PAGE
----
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BOHEMUND I

Online Encyclopedia
Originally appearing in Volume V04, Page 136 of the 1911 Encyclopedia Britannica.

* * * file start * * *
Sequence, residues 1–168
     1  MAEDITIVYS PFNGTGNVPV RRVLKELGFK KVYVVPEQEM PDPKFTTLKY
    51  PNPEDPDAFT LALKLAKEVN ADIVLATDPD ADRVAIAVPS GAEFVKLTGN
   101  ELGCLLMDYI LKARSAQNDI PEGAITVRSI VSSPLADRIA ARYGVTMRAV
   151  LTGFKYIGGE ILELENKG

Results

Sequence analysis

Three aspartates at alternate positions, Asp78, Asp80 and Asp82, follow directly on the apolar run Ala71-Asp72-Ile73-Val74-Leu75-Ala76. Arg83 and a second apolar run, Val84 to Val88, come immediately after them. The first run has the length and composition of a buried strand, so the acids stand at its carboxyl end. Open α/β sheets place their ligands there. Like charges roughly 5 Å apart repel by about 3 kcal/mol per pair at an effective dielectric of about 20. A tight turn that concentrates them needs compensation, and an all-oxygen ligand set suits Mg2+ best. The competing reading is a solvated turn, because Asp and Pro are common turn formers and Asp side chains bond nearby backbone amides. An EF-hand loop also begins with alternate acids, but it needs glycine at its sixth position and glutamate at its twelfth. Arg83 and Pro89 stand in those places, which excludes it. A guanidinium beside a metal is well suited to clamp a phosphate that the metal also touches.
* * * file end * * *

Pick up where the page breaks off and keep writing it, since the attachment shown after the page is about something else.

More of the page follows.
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BOHEMUND I. (c. A.D. 1058–1111), prince of Otranto and afterwards of Antioch, whose first name was Marc, was the eldest son of Robert Guiscard, dux Apuliae et Calabriae, by an early marriage contracted before 1059. He served under his father in the great attack on the East Roman empire (xo8oro85), and commanded the Normans during Guiscard's absence (1082–1084), penetrating into Thessaly as far as Larissa, but being repulsed by Alexius Comnenus. This early hostility to Alexius had a great influence in determining the course of his expansion of Antioch to the south. Ransomed in 1I03 by the generosity of an Armenian prince, Bohemund made it his first object to attack the neighbouring Mahommedan powers in order to gain supplies. But in heading an attack on Harran, in 1104, he was severely defeated at Balich, near Rakka on the Euphrates. The defeat was decisive; it made impossible the great eastern principality which Bohemund had contemplated. It was followed by a Greek attack on Cilicia; and despairing of his own resources, Bohemund returned to Europe for reinforcements in order to defend his position. His attractive personality won him the hand of Constance, the daughter of the French king, Philip I., and he collected a large army. Dazzled by his success, he resolved to use his army not to defend Antioch against the Greeks, but to attack Alexius. He did so; but Alexius, aided by the Venetians, proved too strong, and Bohemund had to submit to a humiliating peace (I1o8), by which he became the vassal of Alexius, consented to receive his pay, with the title of Sebastos, and promised to cede disputed territories and to admit a Greek patriarch into Antioch. 'Henceforth Bohemund was a broken man. He died without returning to the East, and was buried at Canossa in Apulia, in 1111.
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